British Prime Minister Theresa May will try to break the Brexit deadlock on Monday by setting out proposals in parliament that are expected to focus on winning more concessions from the European Union.
With just over two months until the United Kingdom is due to leave the European Union on March 29 there is no agreement in London on how and even whether it should leave the world’s biggest trading bloc.
After her Brexit divorce deal was rejected by members of parliament last week, May has been searching for a way to get a deal through parliament, so far in vain.
The EU, which has an economy more than six times the size of the United Kingdom, says it wants an orderly exit but senior officials have expressed frustration and sorrow at London’s deepening crisis over Brexit.
“I have often said Shakespeare could not have written any better the tragedy we are now witnessing in Britain,” German Europe Minister Michael Roth told broadcaster ARD.
Attempts to forge a consensus with the opposition Labour Party failed so May is expected to focus on winning over 118 rebels in her own party and the small Northern Irish party which props up her government with concessions from the EU.
May will focus on changing the Northern Irish backstop, an insurance policy to ensure no return to a hard border between the British province and Ireland.
May will make a statement in parliament at 1530 GMT and put forward a motion on her proposed next steps on Brexit, though some MPs are planning to wrest control of Britain’s exit from the government.
Buying sterling is not advisable because of Brexit uncertainty, UBS Wealth Management said on Monday, adding that hedging pound exposure over the next three months is one way to avoid market volatility.
In a sign of just how grave the political crisis in London has become, the Daily Telegraph reported that May was considering amending the 1998 Good Friday Agreement which ended 30 years of violence in Northern Ireland.
It said EU sources cast May’s plan a non-starter as a renegotiation of such a significant international treaty would require the consent of all parties involved in Northern Ireland.
May told her ministers she would focus on securing changes from Brussels designed to win over rebel Conservatives and the Northern Irish Democratic Unionist Party, The Times said.
Ireland will not engage in bilateral talks on Brexit and will only negotiate as part of the 27 remaining members of the EU, Ireland’s European Affairs Minister Helen McEntee said on Monday.
“What we can’t do and what we won’t do, because we have not throughout this entire process, is engage in any kind of bilateral negotiations with the DUP or any other political party in Northern Ireland or the UK. This is a negotiation between the EU and the UK,” McEntee told national broadcaster RTE.
After May’s motion is published, MPs will be able to propose amendments to it, setting out alternatives to her deal.
The 650-seat parliament is deeply divided over Brexit, with different factions of MPs supporting a wide range of options including leaving without a deal, holding a second referendum and seeking a customs union with the EU.
Ever since Britain voted by 52-48 percent to leave the EU in a referendum in June 2016, London’s political class has been debating how to leave the European project forged by France and Germany after the devastation of World War Two.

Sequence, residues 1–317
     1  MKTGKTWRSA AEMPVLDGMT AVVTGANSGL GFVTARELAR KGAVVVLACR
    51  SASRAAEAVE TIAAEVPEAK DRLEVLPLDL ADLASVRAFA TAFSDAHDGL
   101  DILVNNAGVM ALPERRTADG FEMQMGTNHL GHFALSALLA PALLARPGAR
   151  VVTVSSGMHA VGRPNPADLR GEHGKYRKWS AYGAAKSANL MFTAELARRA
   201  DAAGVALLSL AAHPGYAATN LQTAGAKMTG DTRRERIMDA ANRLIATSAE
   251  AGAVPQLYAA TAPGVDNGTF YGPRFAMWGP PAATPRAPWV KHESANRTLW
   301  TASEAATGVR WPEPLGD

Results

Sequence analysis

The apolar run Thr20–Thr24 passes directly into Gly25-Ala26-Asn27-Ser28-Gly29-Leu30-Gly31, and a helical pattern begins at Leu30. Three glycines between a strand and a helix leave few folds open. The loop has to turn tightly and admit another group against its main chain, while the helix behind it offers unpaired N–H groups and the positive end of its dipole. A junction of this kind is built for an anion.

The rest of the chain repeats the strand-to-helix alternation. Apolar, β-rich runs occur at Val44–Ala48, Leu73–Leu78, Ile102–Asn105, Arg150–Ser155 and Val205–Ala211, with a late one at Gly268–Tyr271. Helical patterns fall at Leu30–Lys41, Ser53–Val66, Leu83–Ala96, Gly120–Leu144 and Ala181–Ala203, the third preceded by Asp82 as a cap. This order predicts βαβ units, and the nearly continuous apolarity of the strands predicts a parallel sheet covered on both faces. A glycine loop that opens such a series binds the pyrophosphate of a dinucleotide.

While the country is divided over EU membership, most agree the world’s fifth largest economy is at a crossroads and its choices over Brexit will shape the prosperity of future generations for years to come.
Editing by Janet Lawrence
Britain’s Prince Harry and Meghan to give up royal titles — ‘the hardest #Megxit possible’
Britain's Prince Harry and his wife Meghan will give up their royal titles and public funding as part of a settlement with the Queen to start a new life away from the British monarchy.
The historic announcement from Buckingham Palace on Saturday follows more than a week of intense private talks aimed at managing the fallout of the globetrotting couple's shock resignation from front-line royal duties.
It means Queen Elizabeth II's grandson Harry and his American TV actress wife Meghan will stop using the titles "royal highness" -- the same fate that befell his late mother Princess Diana after her divorce from Prince Charles in 1996.
GOP senator tells home-state press that impeachment trial must be ‘viewed as fair’: report
Republican Sen. Lisa Murkowski (R-AK) spoke to local reporters on Saturday about her role in the upcoming Donald Trump impeachment trial.
Murkowski explained she would likely vote with Majority Leader Mitch McConnell (R-KY) on an initial vote on whether to allow witnesses. However, she left the door open to voting for witnesses after House impeachment managers make their opening case.
"I don't know what more we need until I have been given the base case," she said. "We will have that opportunity to say 'yes' or 'no' ... and if we say 'yes,' the floor is open."
Overall, Murkowski said it was important for the trial to been viewed as fair.
White House press secretary urged to do her job: ‘We don’t pay you to be a Twitter troll’
White House press secretary Stephanie Grisham was blasted on Saturday over the confusion resulting from her refusal to hold daily press briefings.
CNN senior media reporter Oliver Darcy was alarmed that Grisham's assistant, Hogan Gidley, was forcing reporters to refer to his remarks as coming from a "sources close to the President's legal team."
Darcy noted that Trump had repeatedly questioned the veracity of unnamed sources, making it problematic for Gidley to demand to be quoted as such.
Grisham responded to the criticism and asked Darcy to "stop with the righteous indignation.